The best way to establish customer needs
                 is to ask your potential customers.             G Especially if you are doing a postal
                 Different ways to do this are set out on the      survey, pilot or test your questionnaire
                 next page with their advantages and               design before spending lots of money
                 drawbacks.                                        on printing a questionnaire which does
                                                                   not give you the information you need.
                 To find customers you need to do market           Also, get someone else to check any
                 research; you must find out who your              printed material for spelling or
                 customers are, what your customer needs           grammatical mistakes; you never get a
                 are, the size of your market and details of       second chance to make a first
                 your competition.                                 impression.

                 Needs are sometimes not completely              G Take a look at any questionnaires you
                 obvious. For example, people buy                  may have received or seen elsewhere.
                 landscaping services to keep the grass          If you do not want to use a full
                 down but they might also want to add            questionnaire, it is a good idea to have a
                 value to their house, to save time, to          list of questions you want to ask before
                 impress the neighbours or to reduce hassle      you go out to talk to people. It is also
                 at home. When you know your customers’          important to record all the information
                 needs you can design your product or            people give you.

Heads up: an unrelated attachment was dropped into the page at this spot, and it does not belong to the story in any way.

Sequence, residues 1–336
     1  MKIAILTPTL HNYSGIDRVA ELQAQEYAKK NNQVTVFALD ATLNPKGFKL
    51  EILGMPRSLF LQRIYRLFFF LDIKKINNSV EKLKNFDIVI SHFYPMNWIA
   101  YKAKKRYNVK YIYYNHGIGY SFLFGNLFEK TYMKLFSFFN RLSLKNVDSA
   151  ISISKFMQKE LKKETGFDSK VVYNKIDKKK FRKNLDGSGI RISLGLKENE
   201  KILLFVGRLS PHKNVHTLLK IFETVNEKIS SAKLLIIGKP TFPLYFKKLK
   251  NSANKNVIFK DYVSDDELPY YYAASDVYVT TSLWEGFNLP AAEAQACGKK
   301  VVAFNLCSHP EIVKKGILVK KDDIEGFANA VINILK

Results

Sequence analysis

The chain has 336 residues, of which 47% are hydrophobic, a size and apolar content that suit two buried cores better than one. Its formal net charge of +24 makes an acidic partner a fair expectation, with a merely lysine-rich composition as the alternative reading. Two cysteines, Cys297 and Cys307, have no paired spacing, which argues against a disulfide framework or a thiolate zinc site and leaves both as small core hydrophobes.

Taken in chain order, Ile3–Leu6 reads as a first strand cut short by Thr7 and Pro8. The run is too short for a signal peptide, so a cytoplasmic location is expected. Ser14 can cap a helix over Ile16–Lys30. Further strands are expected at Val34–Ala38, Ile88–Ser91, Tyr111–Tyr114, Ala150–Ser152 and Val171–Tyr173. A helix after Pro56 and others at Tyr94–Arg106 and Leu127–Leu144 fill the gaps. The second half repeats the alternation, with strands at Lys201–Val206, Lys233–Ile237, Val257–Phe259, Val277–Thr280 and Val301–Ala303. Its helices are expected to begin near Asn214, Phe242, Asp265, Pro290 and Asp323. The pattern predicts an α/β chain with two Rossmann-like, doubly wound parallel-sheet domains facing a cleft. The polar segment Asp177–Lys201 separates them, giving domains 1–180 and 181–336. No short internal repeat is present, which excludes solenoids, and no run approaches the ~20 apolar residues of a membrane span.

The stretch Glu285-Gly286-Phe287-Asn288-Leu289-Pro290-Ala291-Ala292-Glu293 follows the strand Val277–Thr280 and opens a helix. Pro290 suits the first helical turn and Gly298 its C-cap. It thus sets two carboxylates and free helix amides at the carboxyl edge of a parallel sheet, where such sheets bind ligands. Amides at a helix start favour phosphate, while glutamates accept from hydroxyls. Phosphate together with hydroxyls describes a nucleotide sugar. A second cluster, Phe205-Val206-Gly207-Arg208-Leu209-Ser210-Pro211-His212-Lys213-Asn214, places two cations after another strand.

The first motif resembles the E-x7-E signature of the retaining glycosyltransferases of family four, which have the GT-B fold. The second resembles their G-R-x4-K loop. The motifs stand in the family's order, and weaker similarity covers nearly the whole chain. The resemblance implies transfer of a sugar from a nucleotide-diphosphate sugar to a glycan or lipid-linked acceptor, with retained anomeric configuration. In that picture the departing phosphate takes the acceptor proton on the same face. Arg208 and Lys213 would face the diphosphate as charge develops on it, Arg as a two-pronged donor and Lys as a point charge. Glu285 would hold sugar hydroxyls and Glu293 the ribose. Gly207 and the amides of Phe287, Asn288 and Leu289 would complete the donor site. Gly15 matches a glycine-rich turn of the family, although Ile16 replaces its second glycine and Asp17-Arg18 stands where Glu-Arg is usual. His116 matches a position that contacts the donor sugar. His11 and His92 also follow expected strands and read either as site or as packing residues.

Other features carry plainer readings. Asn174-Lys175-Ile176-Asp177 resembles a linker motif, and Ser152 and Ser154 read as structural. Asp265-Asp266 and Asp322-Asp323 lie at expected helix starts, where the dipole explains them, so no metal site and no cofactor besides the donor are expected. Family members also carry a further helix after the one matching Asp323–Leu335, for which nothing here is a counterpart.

service to meet those needs.
                                                                 Consider how many potential customers
                                                                 you will interview. You need to contact
                                                                 enough to give you confidence in the
    Learning from others … Identifying your                      results of the research. As a rough guide, if
    customersʼ real needs                                        you are going to do something like supply
                                                                 builders with steelwork you should aim to
    Based in Dunshaughlin, Co Meath, Shomera make
                                                                 talk to at least 20 builders; if you are
    high-quality permanent extra rooms to fit in your
    garden. They found that people buy extra space but
                                                                 planning a new hairdressing salon you
    the real needs they have are to save time and stress         might talk to at least 100 potential
    by using the room as an office rather than travelling to     customers. Do not just interview friends
    work.                                                        and neighbours; they will be anxious to
                                                                 help you and so may say what they think
                                                                 you want to hear rather than give you


4
                                                                                                              S
                                                                                                              tart-up




 WAYS TO RESEARCH                   ADVANTAGES                       DRAWBACKS

 Talking face-to-face to people;    G You are in complete control.   G Can take quite some time
 this can be in the street, door-   G You can “see” reactions as       and therefore can be
 to- door, at exhibitions or          well as hear them and you        expensive.
 trade shows, on business             can respond to people during   G Not everyone will be
 premises or in small groups.         the interview.                   prepared to talk to you.
                                    G There is less chance of        G People can say what they
                                      misunderstanding what            think you want to hear.
                                      people are saying.             G Not all of us are good at
                                                                       asking questions.

 Talking to people on the           G Can be quite fast; you can     G You may not like using the